A horizontal analysis, or trend analysis, is a procedure in fundamental analysis in which an analyst compares ratios or line items in a company's financial statements over a certain period of time. The analyst uses his discretion when choosing a particular timeline; however, the decision is often based on the investing time horizon under consideration.
Horizontal analysis looks at the trend of financial statements over multiple periods, using a specified base period. Horizontal analysis typically shows the changes from the base period in dollar and percentage. The percentage change is calculated by first dividing the dollar change between the comparison year and the base year by the item value in the base year, then multiplying the quotient by 100%.
For example, assume an investor wishes to invest in company XYZ. The investor may wish to determine how the company grew over the past year. Assume that in company XYZ's base year, it reported net income of $10 million and retained earnings of $50 million. In the current year, company XYZ reported net income of $20 million and retained earnings of $52 million. Consequently, it has in increase of $20 million in its net income and $2 million in its retained earnings year over year (YOY). Therefore, company ABC's net income grew by 100% YOY, while its retained earnings only grew by 4%.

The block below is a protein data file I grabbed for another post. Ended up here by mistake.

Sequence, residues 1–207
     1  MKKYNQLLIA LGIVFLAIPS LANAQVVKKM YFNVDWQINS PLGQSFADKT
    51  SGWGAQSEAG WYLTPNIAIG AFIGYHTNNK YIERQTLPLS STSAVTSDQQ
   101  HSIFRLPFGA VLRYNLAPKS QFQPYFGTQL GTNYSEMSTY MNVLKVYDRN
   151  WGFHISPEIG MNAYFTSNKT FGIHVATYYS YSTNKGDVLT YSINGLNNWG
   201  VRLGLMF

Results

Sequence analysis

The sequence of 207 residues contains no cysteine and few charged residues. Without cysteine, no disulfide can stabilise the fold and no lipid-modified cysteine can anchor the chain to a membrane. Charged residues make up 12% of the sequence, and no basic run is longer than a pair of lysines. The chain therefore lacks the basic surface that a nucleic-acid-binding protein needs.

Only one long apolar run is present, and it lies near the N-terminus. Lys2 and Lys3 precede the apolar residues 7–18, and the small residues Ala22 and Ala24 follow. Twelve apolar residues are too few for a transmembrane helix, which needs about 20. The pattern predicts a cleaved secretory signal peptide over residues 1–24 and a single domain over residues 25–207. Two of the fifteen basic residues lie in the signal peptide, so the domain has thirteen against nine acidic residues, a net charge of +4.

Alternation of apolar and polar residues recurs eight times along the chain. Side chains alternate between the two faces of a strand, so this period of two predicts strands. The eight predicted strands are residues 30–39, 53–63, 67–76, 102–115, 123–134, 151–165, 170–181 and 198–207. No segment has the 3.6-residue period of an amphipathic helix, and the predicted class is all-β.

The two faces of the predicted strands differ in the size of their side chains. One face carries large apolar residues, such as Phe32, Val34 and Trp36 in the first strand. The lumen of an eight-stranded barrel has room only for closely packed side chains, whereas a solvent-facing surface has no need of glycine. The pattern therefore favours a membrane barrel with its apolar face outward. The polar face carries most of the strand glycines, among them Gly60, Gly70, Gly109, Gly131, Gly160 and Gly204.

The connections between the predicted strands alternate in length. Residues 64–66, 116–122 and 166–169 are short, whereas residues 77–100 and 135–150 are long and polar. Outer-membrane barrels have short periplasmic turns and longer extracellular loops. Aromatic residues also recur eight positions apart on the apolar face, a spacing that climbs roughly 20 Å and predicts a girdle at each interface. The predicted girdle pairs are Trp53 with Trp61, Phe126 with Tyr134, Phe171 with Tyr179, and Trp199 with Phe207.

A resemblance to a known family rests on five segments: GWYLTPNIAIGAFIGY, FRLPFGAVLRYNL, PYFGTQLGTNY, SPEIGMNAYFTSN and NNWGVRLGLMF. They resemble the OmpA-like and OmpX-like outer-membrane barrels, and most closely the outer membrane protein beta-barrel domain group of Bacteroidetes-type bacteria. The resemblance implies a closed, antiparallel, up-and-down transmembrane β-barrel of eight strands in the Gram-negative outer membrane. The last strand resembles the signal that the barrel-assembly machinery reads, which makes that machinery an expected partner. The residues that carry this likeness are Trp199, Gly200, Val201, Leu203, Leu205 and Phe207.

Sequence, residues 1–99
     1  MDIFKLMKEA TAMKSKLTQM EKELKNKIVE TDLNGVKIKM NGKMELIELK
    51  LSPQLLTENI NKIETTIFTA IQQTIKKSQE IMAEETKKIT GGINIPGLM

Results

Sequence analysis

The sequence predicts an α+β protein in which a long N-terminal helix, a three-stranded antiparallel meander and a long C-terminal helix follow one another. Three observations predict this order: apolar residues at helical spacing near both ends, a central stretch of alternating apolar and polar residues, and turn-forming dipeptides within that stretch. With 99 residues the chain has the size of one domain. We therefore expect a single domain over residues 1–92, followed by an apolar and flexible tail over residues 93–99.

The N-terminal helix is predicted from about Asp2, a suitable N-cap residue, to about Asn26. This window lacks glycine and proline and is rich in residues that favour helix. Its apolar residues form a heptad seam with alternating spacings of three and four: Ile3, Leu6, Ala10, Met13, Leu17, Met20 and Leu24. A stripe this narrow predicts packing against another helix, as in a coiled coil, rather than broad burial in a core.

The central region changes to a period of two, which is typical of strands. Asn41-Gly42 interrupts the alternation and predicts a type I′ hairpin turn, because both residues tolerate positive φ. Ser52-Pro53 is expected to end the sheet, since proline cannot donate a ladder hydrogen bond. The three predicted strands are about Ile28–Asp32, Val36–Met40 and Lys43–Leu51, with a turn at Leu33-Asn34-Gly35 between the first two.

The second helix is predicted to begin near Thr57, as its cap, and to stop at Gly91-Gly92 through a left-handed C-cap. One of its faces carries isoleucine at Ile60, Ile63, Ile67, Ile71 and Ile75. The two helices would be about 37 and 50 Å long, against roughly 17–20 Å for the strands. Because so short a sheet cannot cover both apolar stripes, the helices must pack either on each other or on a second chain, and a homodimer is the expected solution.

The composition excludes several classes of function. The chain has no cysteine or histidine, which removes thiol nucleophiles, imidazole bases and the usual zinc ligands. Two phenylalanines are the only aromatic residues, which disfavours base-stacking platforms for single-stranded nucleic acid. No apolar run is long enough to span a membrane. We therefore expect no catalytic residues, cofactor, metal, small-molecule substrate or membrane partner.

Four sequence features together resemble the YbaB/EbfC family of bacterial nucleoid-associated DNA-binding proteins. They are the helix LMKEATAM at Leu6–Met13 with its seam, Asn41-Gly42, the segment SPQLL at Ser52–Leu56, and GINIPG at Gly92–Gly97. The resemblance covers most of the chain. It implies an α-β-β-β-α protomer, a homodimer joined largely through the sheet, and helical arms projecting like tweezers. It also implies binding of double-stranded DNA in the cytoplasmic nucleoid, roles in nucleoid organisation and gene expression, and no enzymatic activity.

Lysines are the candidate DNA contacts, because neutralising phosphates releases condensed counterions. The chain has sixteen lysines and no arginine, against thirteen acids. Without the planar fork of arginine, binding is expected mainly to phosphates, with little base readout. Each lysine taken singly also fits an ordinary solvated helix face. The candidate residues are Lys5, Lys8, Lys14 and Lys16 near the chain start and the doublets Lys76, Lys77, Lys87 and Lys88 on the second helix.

The difference between horizontal analysis and vertical analysis is that vertical analysis involves listing each item on a company's financial statement as a separate column. For example, in vertical analysis, cost of goods sold (COGS) and gross margin are typically listed as a percentage of sales. Assume company ABC reported sales of $50 million and had COGS of $25 million. Therefore, company ABC has a gross profit margin of $25 million. In vertical analysis, a column would be used to indicate the percentage of sales, which would show sales as 100%, COGS as 50% and gross profit margin of 50%.